Bernard L Madoff Investment Securities LLC stock trading records
Rare piece of financial history. These are REAL stock trading monthly statements from Bernard L Madoff Investment Securities LLC for stock transactions. Dated 2003-2004, you might wonder if these were real transactions or if these were the phony communications that Madoff sent victims of his Ponzi scheme. Amounts, dates, and companies will vary from shown. Customer names and accounts are obscured on the slip. Affordable items from this financial scandal. Fun gift idea for the investor or professional.
As an added bonus, you will also get a real trading slip from the company. These are trade confirmation papers from Bernard L Madoff Securities for stock and bond transactions. Dated 2008, you might wonder if these were real transactions or if these were the phony communications that Madoff sent victims of his Ponzi scheme. Amounts, dates, and companies will vary from shown. Customer names and accounts are obscured on the slip.
Arrested for running an elaborate Ponzi scheme in December 2008, Bernie Madoff pleaded guilty to 11 felony counts in March 2009. That summer, the 71-year-old was sentenced to 150 years in prison. Bernard Lawrence Madoff was born on April 29, 1938, in Queens, New York, to parents Ralph and Sylvia Madoff. Madoff earned his bachelor's degree in political science from Hofstra in 1960 and enrolled at Brooklyn Law School, but he didn't last long in that endeavor; that year, using the $5,000 he saved from his lifeguarding job and a side gig installing sprinkler systems, as well as an additional $50,000 borrowed from his in-laws, he and Ruth founded an investment firm called Bernard L. Madoff Investment Securities, LLC.
With the help of Madoff's father-in-law, a retired CPA, the business attracted investors through word of mouth and amassed an impressive client list. Madoff Investment Securities grew famous for its reliable annual returns of 10 percent or more, and by the end of the 1980s, his firm was handling more than 5 percent of the trading volume on the New York Stock Exchange. The success of Madoff Securities was in part due to a willingness to adapt to changing times; the firm was among the earliest to use computer technology for trading, helping to give rise to the National Association of Securities Dealers Automated Quotations (NASDAQ). Madoff later served as NASDAQ chairman for three one-year terms.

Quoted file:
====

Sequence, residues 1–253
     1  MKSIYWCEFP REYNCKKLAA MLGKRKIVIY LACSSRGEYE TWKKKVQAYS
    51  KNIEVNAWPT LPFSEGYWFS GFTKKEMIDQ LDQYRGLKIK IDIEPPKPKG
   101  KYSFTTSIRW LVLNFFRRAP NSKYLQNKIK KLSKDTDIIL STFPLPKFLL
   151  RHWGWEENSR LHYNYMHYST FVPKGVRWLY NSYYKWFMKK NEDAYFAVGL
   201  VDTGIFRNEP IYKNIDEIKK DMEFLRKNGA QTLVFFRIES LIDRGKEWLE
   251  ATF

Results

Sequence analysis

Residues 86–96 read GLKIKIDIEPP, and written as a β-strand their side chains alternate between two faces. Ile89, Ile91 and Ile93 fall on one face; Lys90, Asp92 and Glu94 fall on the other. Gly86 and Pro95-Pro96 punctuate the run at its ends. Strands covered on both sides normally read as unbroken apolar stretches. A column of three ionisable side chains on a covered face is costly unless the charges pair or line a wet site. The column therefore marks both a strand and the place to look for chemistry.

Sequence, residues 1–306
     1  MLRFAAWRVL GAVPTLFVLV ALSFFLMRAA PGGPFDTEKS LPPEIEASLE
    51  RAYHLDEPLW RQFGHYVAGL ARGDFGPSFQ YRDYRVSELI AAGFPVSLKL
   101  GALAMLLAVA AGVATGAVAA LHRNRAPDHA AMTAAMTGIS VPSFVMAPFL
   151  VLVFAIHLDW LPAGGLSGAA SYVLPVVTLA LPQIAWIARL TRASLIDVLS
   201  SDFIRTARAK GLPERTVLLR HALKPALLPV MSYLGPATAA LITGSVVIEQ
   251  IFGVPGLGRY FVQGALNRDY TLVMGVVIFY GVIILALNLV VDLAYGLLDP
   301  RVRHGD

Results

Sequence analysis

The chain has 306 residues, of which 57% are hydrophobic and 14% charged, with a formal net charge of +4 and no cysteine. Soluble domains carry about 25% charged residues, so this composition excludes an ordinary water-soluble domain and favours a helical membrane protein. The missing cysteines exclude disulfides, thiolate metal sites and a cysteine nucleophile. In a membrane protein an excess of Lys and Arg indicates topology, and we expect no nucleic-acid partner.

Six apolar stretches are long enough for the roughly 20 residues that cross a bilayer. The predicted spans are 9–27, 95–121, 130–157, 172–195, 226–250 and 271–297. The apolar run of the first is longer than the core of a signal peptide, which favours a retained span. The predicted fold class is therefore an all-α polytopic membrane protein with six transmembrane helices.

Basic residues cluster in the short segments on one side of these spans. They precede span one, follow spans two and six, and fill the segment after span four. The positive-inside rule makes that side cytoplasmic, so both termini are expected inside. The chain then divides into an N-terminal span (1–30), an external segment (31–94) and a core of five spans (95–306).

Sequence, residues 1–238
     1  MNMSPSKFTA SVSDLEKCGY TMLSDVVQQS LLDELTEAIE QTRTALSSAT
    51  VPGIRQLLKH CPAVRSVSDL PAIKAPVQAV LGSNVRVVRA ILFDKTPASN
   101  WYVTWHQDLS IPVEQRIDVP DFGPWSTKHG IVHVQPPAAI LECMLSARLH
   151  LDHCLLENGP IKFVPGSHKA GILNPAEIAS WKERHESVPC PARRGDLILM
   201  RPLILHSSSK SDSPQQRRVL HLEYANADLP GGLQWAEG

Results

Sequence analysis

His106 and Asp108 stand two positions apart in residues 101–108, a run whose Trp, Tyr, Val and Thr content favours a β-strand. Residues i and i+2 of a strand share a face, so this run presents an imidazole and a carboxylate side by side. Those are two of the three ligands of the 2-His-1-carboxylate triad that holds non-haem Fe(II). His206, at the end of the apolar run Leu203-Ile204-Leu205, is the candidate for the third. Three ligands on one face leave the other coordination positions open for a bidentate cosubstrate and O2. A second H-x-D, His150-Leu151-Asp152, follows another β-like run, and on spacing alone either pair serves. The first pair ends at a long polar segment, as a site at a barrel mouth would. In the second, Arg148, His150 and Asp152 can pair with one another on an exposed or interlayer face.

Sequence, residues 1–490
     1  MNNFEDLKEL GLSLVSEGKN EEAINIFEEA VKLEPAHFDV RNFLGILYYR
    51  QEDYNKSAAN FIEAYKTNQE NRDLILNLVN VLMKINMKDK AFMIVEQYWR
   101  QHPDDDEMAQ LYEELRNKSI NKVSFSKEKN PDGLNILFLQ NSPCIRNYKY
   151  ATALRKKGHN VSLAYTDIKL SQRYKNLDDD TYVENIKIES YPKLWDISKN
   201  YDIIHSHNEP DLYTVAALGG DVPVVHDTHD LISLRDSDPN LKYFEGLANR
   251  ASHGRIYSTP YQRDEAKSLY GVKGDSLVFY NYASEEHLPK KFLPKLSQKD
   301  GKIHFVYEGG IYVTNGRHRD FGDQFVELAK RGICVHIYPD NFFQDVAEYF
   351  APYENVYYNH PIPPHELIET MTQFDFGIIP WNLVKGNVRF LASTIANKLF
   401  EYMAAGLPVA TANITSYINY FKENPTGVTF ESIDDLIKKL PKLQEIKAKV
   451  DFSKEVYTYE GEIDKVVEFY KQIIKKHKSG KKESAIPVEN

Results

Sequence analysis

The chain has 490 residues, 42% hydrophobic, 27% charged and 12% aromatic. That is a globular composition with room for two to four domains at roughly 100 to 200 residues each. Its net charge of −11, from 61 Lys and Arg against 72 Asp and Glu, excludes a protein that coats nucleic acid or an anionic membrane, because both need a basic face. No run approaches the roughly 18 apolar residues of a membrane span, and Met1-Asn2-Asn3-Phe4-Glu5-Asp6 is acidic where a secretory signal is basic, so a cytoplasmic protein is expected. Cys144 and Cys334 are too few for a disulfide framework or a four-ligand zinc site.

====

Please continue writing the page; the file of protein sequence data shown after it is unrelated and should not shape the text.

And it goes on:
Madoff became famous for a very different reason on December 11, 2008. The day before, the investor informed his sons that he planned to give out several million dollars in bonuses earlier than scheduled, and they demanded to know where the money was coming from. Madoff then admitted that a branch of his firm was actually an elaborate Ponzi scheme. Madoff's sons reported their father to federal authorities, and the next day Madoff was arrested and charged with securities fraud.
On March 12, 2009, Madoff pleaded guilty to 11 federal felonies and admitted to turning his wealth management business into a massive Ponzi scheme. The Madoff investment scandal defrauded thousands of investors of billions of dollars. Madoff said he began the Ponzi scheme in the early 1990s. However, federal investigators believe the fraud began as early as the mid-1980s and may have begun as far back as the 1970s. Those charged with recovering the missing money believe the investment operation may never have been legitimate. The amount missing from client accounts, including fabricated gains, was almost $65 billion. The SIPC trustee estimated actual losses to investors of $18 billion. On June 29, 2009, Madoff was sentenced to 150 years in prison, the maximum allowed.